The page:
'Love action' was the Human League's first top 10 hit in the UK in 1981, which was quite a feat since they'd been at it since 1977. The song is a semi-autobiographical account of lead singer Phil Oakey's relationships. The song contains a cryptic reference to Lou Reed in the lyric, 'I believe what the old man said'. Oakey, speaking in 1982 said, 'no one ever asks me who the old man is... it's Lou (Reed).'

At the time, as a short-lived marketing stunt, the Human League labelled their singles 'Red' or 'Blue'. This was supposed to help buyers differentiate between the band's musical styles. 'Red' was for dance tracks, 'Blue' for pop songs, although the exact difference was never fully explained. 'Love Action' was designated 'Red'.

My collection: 7" single no. 2829
Found: February 1, 1997
Cost: 2 guilders
Tracks: 'Love action' / 'Hard times'

Saturday, 14 March 2009

The sound of the crowd - Human League

After the loss of original members Martyn Ware and Ian Craig-Marsh, Phil Oakey recruited 'dancing girls' Susan Ann Sulley (17) and Joanne Catherall (18) in order to be able to fulfill tour obligations. In January 1981, the band was still in debt to their record company. Oakey recorded and rushed out a new single, 'Boys and girls', without the involvement of Sulley and Catherall, to reasonable success. In March, Oakey was introduced to veteran producer Martin Rushent.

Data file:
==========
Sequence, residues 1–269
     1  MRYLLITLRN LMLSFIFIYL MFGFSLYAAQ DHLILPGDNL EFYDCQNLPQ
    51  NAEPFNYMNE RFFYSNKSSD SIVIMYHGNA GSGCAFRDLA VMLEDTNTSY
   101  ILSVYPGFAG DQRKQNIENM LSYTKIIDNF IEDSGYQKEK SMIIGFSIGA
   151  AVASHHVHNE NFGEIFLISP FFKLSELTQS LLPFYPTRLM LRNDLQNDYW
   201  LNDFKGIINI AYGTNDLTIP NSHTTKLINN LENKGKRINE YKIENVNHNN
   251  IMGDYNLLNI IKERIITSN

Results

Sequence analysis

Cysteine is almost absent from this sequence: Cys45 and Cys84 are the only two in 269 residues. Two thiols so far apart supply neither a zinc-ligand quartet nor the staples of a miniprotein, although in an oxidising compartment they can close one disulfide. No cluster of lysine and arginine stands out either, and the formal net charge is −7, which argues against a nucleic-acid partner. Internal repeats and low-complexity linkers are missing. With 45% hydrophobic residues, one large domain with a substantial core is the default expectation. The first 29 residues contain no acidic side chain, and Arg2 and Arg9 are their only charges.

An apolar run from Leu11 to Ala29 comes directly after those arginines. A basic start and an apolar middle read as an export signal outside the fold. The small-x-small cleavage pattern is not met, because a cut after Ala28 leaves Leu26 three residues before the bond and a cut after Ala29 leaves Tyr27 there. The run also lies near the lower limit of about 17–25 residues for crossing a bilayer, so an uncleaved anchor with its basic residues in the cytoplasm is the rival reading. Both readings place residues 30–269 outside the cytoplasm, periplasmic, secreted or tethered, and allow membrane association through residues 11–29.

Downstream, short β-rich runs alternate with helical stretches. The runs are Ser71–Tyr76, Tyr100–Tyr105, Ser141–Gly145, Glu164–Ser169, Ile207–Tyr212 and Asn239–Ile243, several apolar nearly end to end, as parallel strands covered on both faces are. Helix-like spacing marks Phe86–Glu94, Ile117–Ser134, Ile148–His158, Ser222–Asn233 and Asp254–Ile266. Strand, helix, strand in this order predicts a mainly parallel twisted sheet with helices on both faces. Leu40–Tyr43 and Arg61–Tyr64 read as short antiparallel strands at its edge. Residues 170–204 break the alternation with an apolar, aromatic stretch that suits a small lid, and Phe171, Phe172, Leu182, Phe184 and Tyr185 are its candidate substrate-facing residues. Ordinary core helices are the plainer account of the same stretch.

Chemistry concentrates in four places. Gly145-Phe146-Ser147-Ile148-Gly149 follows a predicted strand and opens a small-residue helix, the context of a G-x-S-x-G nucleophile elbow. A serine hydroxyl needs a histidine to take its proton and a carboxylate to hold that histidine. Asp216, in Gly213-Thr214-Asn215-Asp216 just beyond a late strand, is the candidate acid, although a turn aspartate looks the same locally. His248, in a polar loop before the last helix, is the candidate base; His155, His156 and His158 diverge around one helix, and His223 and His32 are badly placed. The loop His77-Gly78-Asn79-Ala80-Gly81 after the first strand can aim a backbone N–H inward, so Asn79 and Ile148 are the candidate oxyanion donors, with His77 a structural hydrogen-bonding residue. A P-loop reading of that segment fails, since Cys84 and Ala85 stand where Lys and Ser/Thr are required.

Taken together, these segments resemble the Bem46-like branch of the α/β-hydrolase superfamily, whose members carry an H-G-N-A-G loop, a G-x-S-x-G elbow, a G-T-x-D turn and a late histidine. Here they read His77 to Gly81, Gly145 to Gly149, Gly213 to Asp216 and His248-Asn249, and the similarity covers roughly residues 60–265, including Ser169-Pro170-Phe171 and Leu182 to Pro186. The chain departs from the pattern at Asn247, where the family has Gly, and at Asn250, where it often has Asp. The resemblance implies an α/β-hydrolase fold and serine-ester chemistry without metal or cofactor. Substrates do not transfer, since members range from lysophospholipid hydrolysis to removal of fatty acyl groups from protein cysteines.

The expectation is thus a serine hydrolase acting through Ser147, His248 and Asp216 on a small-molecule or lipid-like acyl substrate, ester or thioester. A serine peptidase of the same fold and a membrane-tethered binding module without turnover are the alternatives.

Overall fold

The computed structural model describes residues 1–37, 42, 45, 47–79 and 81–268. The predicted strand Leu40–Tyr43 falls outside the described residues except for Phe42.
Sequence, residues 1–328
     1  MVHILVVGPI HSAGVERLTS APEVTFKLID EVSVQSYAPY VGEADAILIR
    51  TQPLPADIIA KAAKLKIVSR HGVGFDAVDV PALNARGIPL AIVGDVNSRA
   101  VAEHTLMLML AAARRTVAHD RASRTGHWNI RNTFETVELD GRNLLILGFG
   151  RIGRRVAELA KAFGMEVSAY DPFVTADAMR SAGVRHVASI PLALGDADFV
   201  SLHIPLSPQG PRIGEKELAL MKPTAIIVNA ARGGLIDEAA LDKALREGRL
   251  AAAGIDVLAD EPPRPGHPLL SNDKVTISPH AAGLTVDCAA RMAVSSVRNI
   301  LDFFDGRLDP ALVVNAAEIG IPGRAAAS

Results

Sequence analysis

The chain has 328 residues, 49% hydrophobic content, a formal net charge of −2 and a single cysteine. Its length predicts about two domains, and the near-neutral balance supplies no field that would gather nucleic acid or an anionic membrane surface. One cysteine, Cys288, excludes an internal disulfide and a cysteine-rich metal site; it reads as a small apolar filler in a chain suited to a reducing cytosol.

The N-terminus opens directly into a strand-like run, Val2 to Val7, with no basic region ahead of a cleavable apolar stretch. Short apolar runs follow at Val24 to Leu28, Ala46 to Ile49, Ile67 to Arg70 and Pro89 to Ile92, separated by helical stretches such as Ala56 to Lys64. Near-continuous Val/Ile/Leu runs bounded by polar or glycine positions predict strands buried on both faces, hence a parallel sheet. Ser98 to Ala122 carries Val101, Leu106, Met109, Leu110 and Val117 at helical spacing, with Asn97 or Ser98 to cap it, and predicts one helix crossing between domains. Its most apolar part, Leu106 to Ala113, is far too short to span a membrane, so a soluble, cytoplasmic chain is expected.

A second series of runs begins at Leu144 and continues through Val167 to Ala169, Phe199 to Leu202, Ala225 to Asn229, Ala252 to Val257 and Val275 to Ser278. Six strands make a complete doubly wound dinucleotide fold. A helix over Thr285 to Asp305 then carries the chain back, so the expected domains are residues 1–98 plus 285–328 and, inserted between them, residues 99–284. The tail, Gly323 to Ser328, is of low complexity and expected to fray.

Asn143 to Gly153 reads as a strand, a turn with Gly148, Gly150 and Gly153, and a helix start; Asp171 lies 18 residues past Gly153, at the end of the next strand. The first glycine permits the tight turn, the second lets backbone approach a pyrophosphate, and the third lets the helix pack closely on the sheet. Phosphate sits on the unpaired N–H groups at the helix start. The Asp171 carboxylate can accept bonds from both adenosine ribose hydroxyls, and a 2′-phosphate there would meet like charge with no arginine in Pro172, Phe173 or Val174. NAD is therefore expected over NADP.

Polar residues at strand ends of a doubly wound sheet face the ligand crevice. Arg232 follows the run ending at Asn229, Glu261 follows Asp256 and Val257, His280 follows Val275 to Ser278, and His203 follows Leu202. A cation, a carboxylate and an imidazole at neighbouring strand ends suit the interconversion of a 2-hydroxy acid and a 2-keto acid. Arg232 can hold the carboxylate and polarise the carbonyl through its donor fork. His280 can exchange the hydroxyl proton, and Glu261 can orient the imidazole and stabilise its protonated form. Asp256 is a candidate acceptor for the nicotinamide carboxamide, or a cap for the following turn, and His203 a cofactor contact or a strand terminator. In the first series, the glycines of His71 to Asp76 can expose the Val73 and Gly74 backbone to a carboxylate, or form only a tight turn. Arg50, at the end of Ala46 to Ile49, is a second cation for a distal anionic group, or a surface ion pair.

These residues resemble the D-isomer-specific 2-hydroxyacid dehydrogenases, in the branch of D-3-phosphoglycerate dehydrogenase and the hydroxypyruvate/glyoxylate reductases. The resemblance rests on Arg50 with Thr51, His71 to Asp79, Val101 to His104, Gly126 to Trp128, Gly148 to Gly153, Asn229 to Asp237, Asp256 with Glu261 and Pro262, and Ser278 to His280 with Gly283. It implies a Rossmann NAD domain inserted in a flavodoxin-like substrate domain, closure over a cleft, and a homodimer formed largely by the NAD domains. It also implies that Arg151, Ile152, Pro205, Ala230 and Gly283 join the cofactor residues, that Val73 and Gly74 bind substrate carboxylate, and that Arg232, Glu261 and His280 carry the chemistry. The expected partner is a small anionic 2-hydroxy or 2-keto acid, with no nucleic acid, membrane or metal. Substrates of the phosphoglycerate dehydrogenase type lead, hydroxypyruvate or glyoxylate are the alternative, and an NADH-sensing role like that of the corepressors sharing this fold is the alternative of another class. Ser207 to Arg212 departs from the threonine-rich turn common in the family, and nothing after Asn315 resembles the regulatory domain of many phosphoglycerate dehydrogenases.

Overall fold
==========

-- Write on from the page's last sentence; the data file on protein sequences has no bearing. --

The first result of their sessions was the single 'The sound of the crowd'. The single was an instant success, peaking at number 12 in the UK singles chart. It was the first song to feature female vocals from Sulley and Catherall. The twelve inch mix is an interesting affair, with a lot of extra instrumental bits.

My collection: 12" single no. 491
Found: Record fair, Rijswijk, March 14, 2009
Cost: 1 euro
Tracks: 'The sound of the crowd (Complete)' / 'The sound of the crowd (Instrumental)'

Saturday, 15 November 2008

Don't you want me - Human League

The soundtrack of the eighties wouldn't be complete without the Human League. For years I thought that 'Don't you want me' was their debut single, until I found out that there was a previous incarnation of the group - an incarnation I never quite got into.

'Don't You Want Me' was released in the UK on 5 December 1981 and to everyone in the band's amazement it went almost immediately to number one and remained in the UK charts for 13 weeks. The group became famous for lead singer Phil Oakey's weird hairdo, although he cut his hair pretty quickly and started to look more like a regular Joe.

I only bought this single in 2004, when I reached the point of wanting to 'complete' certain parts of my collection. Back in 1982, when this song was in the charts, I heard it so many times I didn't really want to buy it. There are still other Human League songs I prefer, but to many, this is their one and only classic.

My collection: 7" single no. 3380
Found: Den Haag, 2004
Cost: 1 euro
Tracks: 'Don't you want me' / 'Seconds'
Download: 12" single 'Don't you want me', including both tracks